In Norwich, a good idea, bad execution
Norwich Mayor Deberey Hinchey's abrupt about-face on a controversial tax ordinance indicates a surprising level of na´vetÚ. Not only was she proposing changing the fundamental tax structure of the city, but in so doing she was inviting opposition from the volunteer fire companies, something no city politician should do.
If you are going to do something that big, that controversial, you slowly build support, reach compromises, make your case and don't make your move until you've counted the votes. Instead, the mayor, only a couple of months in office, just tossed her policy proposal out there. The opposition blasted it away with the strength of a firehouse knocking down a candle flame.
On Monday afternoon, Mayor Hinchey confirmed withdrawal of the ordinance.
The ordinance sought to do away with the special tax that property owners in the downtown and surrounding neighborhoods pay to support the paid, full-time fire department that serves the district. Under the proposed ordinance, the costs of the paid and volunteer departments - the ones serving the rest of Norwich - would have been combined and paid for through the city's general tax rate.
It makes sense, but making sense doesn't carry much weight in politics.
While eliminating the special tax may sound great, the flip side is that property owners outside the City Consolidated District (CCD), meaning the bulk of the city, would end up paying a higher tax with seemingly no return in better fire service.
The five volunteer departments that serve the Yantic, Taftville, Occum, Laurel Hill and East Great Plain neighborhoods quickly organized in opposition. Their volunteer work keeps taxes down in those communities. There was no appetite among them for seeing those taxes go up to underwrite the paid firefighters. There were also fears that once everyone was supporting the paid firefighting service, a push to extend its coverage could follow, endangering the volunteer tradition.
Property owners in the CCD pay an extra 5 mills in taxes to support the $9.1 million paid Norwich Fire Department. The city assesses the tax in addition to the general city tax rate of 27.33 mills. Residents elsewhere also pay an additional tax rate, but only 0.36 mills. The added taxes pay personnel-associated costs, such as workers' compensation coverage, pay and benefits for the paid department, and a pension system for volunteers. The city as a whole buys fire apparatus for all departments.
According to an analysis by Comptroller Joshua Pothier, if the ordinance had won approval a homeowner in the CCD with an assessment of $126,000 would have seen $382 in tax savings, using current fiscal year numbers. The owner of a house with the same assessment in a section served by volunteers would pay $208 more in taxes. It is not hard to figure out why the proposal faced opposition outside the CCD.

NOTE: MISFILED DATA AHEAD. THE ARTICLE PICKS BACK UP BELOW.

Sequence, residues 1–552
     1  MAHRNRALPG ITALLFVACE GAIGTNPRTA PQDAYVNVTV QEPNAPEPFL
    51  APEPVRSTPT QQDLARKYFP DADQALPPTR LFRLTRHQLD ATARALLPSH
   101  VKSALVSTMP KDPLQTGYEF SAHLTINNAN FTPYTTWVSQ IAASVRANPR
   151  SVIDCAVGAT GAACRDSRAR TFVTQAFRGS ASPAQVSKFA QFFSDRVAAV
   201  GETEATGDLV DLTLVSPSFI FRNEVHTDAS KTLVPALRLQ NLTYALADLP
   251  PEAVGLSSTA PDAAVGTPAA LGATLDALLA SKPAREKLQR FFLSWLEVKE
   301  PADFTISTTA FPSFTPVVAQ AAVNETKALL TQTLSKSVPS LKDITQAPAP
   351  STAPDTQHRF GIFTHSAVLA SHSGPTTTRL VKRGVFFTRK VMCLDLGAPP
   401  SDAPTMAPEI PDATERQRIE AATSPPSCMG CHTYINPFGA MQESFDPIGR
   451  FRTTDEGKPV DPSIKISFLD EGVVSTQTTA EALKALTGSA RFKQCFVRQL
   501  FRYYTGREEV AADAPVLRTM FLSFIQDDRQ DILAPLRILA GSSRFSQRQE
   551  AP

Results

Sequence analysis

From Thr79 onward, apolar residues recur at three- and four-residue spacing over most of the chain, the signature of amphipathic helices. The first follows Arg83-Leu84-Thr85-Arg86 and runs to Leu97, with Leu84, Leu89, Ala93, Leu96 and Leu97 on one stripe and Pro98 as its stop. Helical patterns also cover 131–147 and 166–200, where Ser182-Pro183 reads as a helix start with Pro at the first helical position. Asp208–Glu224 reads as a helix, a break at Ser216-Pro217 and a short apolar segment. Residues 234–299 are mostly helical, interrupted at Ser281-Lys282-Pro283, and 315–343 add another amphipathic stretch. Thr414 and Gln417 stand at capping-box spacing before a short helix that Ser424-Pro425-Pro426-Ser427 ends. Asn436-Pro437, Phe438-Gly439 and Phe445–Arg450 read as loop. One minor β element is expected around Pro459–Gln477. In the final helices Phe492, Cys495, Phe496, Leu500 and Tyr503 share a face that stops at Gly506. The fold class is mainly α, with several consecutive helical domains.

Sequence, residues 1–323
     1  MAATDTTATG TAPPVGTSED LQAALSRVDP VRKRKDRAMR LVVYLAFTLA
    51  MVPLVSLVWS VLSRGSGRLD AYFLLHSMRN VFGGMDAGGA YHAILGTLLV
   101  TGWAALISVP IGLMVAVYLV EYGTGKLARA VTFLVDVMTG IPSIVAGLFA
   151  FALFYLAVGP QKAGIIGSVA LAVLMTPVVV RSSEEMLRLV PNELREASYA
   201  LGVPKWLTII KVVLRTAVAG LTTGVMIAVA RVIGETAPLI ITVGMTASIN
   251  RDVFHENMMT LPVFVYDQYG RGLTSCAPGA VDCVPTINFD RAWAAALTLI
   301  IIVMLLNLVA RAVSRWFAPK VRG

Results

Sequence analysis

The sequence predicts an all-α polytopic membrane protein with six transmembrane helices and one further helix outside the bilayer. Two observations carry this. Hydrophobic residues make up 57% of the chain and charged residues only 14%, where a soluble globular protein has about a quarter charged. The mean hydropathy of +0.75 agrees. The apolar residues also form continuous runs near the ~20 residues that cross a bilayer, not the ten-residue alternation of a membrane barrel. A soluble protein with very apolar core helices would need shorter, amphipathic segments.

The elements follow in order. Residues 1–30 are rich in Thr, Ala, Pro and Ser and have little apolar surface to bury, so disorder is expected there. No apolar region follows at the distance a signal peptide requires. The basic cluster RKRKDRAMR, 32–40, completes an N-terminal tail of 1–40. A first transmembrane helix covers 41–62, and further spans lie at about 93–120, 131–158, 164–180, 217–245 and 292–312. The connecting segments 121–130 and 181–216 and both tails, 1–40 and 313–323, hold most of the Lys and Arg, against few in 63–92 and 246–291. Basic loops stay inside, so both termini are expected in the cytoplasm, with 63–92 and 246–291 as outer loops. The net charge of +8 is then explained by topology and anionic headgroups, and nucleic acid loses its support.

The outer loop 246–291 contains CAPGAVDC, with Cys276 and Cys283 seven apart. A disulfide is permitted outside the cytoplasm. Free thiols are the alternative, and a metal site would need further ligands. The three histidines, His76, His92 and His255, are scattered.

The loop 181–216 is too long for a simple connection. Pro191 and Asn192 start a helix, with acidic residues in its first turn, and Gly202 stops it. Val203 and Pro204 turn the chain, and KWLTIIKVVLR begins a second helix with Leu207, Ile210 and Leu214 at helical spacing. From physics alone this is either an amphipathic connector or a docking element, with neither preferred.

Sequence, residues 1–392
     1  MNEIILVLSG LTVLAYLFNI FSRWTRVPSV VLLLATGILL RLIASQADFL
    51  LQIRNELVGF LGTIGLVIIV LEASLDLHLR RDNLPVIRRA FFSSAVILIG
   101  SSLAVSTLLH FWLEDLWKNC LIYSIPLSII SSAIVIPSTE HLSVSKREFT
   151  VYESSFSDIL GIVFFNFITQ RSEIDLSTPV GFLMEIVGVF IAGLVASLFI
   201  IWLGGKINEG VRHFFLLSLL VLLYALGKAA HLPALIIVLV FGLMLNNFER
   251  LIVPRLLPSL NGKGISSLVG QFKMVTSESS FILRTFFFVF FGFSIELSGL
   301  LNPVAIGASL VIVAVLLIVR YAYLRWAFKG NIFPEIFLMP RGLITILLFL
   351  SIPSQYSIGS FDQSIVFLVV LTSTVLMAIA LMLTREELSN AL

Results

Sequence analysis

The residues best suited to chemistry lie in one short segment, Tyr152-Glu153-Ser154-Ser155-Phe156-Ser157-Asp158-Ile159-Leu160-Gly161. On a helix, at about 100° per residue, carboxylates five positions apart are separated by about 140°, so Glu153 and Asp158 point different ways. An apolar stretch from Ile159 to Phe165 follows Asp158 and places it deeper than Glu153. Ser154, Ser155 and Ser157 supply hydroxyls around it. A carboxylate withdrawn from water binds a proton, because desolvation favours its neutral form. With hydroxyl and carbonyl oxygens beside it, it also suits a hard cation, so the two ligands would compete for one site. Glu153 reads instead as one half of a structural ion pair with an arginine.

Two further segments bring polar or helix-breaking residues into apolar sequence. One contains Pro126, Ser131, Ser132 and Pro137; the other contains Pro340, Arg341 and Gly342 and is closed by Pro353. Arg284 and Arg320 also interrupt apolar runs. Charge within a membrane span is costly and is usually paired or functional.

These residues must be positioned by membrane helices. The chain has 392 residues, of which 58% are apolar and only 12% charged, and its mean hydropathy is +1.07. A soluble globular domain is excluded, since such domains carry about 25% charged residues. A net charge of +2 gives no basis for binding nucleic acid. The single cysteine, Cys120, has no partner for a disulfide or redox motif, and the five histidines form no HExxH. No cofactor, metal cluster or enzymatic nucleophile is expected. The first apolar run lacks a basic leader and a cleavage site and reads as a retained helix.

Yet a case could be made that the change would be good for Norwich as a whole.
Working to revitalize the downtown area should be a top policy priority. Making revitalization more difficult is the higher tax rate. Eliminating it has to help.
Even though the paid fire department serves only a 3.5-square-mile section, its services are vital to the entire city. The department protects some of the oldest, most densely developed neighborhoods. Quick response time is critical. A paid force, staffed around the clock, provides it. If a fire were to spread through the downtown or its surrounding neighborhoods, it would be devastating for the entire city.
Many of the large public buildings serving all residents are located in the district protected by the NFD. It is arguably fair, therefore, to spread the responsibility for paying for that protection across the city. And while all the Norwich departments will respond to large fires and other emergencies outside their districts, the paid force is uniquely poised to respond quickly and in force when disaster strikes elsewhere.
That's a tough case to make, requiring political acumen. None was on display in this instance.
The Democratic mayor co-sponsored the ordinance with the two Republican members of the council, Alderwoman Sofee Noblick and Alderman William Nash. Further undermining the idea was the fact Alderwoman Noblick stood to benefit personally. As the owner of several properties in the CCD, she would have seen annual tax savings approaching $3,000 if the ordinance won approval.
The proposal could still be raised with the commission reviewing possible City Charter changes, if this ham-fisted attempt did not kill it for good, that is.
The editorial board is composed of the publisher and four journalists of varied editing and reporting backgrounds. The board's discussions and information gained from its meetings with political, civic, and business leaders drive the institutional voice of The Day, as expressed in its editorials. The editorial department operates separately from the newsroom.
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